• Solo piano improvisations inspired by the tragedy of September 11, 2001. A portion of this is from a live benefit concert that Jordan performed for the benefit of the victims' families. Magna Carta and Jordan are donating a portion of the proceeds from the sales of this disc to charitable organizations.
    $8.00
  • Once upon a time there was a brilliant Canadian composer musician named Franck Dervieux. In 1971 he recorded a great album of classically influenced progressive rock called "Dimensione M". Dervieux passed away at an early age due to cancer. The members of his ensemble essentially formed Contraction upon his passing. The main drivers behind contraction was vocalist Christiane Robichaud and bassist Yves Laferriere. While the self-titled debut didn't hit the lofty heights that their second album reached it's not without it's charms. The focus is on Robichaud's ethereal vocals with all the firepower a bit in the background. Start with "La Bourse Ou La Vie" first.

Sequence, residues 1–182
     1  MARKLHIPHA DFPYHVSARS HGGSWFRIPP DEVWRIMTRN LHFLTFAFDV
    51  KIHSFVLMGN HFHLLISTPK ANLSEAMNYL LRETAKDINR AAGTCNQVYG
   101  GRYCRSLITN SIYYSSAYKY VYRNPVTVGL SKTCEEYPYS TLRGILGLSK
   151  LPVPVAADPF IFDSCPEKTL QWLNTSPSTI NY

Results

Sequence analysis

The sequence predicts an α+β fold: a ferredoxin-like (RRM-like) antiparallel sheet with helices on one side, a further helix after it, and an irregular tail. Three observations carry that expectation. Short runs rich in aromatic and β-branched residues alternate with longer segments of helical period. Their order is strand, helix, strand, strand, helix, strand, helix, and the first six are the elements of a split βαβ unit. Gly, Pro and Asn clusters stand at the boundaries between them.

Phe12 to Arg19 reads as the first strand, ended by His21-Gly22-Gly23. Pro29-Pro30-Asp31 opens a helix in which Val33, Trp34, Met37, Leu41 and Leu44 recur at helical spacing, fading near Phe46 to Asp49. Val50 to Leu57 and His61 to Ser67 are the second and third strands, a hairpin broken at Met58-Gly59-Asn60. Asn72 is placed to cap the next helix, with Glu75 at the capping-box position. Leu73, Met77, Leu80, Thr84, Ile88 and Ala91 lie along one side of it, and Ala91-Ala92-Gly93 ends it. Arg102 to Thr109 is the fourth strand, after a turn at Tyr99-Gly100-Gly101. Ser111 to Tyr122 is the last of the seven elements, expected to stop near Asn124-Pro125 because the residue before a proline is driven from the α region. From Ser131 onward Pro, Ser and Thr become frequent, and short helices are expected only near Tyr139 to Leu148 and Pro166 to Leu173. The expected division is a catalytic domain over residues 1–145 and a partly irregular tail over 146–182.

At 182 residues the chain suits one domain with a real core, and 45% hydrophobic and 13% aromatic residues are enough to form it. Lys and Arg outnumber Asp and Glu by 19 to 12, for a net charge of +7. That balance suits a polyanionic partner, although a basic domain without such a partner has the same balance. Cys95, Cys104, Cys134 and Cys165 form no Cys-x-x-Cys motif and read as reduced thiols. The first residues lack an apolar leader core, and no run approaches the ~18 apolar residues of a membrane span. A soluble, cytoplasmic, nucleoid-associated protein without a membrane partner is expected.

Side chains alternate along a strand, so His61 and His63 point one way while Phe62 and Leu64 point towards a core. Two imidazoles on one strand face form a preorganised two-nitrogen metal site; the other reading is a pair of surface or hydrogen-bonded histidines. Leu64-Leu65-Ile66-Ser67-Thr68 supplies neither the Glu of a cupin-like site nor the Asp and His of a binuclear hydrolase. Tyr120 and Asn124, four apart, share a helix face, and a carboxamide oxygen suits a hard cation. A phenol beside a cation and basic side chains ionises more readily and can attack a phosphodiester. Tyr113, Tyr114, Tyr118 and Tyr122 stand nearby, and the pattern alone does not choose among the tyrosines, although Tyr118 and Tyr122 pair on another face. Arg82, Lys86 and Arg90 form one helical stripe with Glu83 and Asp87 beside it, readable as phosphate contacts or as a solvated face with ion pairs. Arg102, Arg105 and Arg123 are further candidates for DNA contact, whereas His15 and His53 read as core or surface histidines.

$18.00
  • Remastered edition of the long out of print one-off band. It's a short one but a classic. Festa Mobile was actually a precursor to Il Baricentro. While they never displayed that band's pyrotechic fusion leanings, they did have some subtle jazz overtones but a classical influence dominated. The music is dominated by virtuoso piano runs and fuzzed out guitar leads. Gorgeous disc.
    $16.00
  • Numbered limited edition hybrid SACD of this late 80s Rush title.  The key here is in the mastering.  Kevin Gray is at the controls and he does a consistently great job.  I would expect this to be the definitive digital edition.
    $27.00